Two days after N amendment, soil cores (4 cm diameter) were collected from the centre of each plot. The litter layer (intact dead needles, leaves, twigs and mosses) and mineral soil were removed, and the inbetween humus (Oe and Oa) was frozen on dry ice immediately in the field, later carefully homogenized by grinding in liquid N and used for extraction of extracellular enzymes, DNA and RNA. Humus from three soil cores surrounding the central core was pooled and used for measurements of ammonium concentration in water extracts (5 g FW humus in 40 ml H2O) by flow injection analysis on a FIAstarTM5000 system (FossTecator, Höganäs, Sweden).

Analysis of Mn-peroxidase activity

Extractable Mn-peroxidase activity was measured via the oxidative coupling of DMAB (3-dimethylaminobenzoic acid) and MBTH (3-methyl-2-benzothiazolinone hydrazone hydrochloride) in the presence of Mn2+ and H2O2. In order to analyse extractable Mn-peroxidase activity, 2 g of humus was extracted with 6 ml deionized water by shaking (1 h) at 4°C and centrifuging (10 000 g for 10 min). A 50-μl aliquot of extract was added to 140 μl of reaction solution (100 mM sodium lactate and 100 mM sodium succinate, adjusted to pH 4.5 with sulphuric acid, 50 mM DMAB, 1 mM MBTH, 1 mM MnSO4-4H2O solution). At the start of the experiment 10 μl of 1 mM H2O2 was added. Background peroxidase activity was estimated by substituting MnSO4 with 2 mM Na2-EDTA 2H2O. A boiled aliquot served as a negative control. Absorption at 590 nm was measured every 10 min over a time period of 2 h at 25°C in a SynergyTM HT micro-plate reader (BIO-TEK, Winooski, VT, USA), and enzyme activities were estimated by regression of absorbance against time.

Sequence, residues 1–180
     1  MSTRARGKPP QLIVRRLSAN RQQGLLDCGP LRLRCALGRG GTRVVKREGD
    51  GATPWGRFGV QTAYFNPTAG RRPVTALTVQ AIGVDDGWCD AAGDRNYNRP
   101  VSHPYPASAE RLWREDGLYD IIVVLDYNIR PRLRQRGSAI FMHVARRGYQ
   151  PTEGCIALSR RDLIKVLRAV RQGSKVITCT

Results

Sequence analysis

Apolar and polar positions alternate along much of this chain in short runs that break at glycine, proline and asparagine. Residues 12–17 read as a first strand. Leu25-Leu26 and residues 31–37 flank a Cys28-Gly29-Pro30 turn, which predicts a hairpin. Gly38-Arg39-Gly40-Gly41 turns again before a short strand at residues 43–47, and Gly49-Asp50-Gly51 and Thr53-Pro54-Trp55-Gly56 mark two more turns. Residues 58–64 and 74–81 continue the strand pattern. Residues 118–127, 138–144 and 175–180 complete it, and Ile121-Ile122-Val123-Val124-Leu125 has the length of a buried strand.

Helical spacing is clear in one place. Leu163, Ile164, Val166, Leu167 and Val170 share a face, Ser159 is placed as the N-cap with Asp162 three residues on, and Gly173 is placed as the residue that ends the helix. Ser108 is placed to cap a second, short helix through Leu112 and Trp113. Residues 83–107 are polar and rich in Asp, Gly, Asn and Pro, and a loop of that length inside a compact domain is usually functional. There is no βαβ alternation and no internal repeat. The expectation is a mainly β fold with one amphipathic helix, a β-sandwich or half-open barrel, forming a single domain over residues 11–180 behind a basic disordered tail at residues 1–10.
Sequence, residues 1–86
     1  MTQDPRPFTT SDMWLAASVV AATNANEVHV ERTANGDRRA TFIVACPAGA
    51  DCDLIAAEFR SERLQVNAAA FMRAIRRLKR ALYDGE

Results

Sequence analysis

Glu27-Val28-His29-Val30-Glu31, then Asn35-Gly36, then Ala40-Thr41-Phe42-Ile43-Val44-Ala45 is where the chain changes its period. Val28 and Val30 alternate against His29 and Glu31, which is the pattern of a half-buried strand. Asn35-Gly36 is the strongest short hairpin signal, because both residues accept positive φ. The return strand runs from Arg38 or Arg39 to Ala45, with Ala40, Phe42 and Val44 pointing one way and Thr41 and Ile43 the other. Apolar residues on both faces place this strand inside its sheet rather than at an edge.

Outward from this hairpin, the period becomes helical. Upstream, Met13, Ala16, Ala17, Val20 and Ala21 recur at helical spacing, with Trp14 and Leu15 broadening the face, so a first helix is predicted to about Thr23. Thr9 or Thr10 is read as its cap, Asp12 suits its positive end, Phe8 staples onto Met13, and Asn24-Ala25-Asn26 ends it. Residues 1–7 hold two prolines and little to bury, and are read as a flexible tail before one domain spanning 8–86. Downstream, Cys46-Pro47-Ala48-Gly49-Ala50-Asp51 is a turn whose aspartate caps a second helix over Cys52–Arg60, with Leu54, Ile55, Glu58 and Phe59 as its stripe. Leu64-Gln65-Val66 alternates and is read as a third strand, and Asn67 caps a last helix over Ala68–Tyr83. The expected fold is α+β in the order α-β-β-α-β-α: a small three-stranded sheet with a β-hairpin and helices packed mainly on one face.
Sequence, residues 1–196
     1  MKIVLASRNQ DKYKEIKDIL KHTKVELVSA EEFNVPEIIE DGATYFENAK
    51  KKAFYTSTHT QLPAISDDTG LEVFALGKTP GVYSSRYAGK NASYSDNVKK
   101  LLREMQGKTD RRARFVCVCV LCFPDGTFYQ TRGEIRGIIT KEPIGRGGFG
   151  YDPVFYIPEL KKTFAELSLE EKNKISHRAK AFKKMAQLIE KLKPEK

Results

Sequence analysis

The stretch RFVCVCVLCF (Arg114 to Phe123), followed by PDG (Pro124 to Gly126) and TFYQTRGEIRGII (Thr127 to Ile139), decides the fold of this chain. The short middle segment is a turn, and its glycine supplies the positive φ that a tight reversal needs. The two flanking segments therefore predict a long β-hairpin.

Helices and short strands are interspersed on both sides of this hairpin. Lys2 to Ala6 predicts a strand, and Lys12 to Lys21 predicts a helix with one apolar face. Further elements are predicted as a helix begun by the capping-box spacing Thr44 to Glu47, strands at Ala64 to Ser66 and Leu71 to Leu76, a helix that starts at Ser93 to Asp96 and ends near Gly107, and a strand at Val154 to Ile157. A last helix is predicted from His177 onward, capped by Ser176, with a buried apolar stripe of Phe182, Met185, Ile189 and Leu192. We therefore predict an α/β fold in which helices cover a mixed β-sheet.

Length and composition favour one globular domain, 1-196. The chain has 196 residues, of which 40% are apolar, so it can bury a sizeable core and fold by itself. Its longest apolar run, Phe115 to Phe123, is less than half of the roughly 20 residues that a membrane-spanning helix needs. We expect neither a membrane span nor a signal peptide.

Analysis of fungal communities

Freeze-dried humus material was ground to a fine powder, and DNA was extracted from 50 mg according to Bödeker et al. (2009). The extracts were further purified using the Wizard DNA clean up kit (Promega). ITS2 amplicons for 454-sequencing were produced using the fITS9 primer in combination with the ITS4 primer provided with sample-specific extension tags according to Ihrmark et al. (2012). For every sample, three PCR reactions were pooled, in order to minimize random PCR distortion of community composition. Amplicons were purified using the Agencourt AMPure kit (Beckman Coulter Inc., Beverly, MA, USA), and concentrations were measured photometrically using a Qubit Fluorometer (Invitrogen). A total of 150 ng PCR product from each sample was pooled into a single sample, which was further purified using the GeneJET PCR-purification kit (Thermo Fisher Scientific, Waltham, MA, USA). Adaptor ligation and 454-sequencing was performed by LGC Genomics GmbH (Berlin, Germany) on a GL FLX Titanium system (Roche).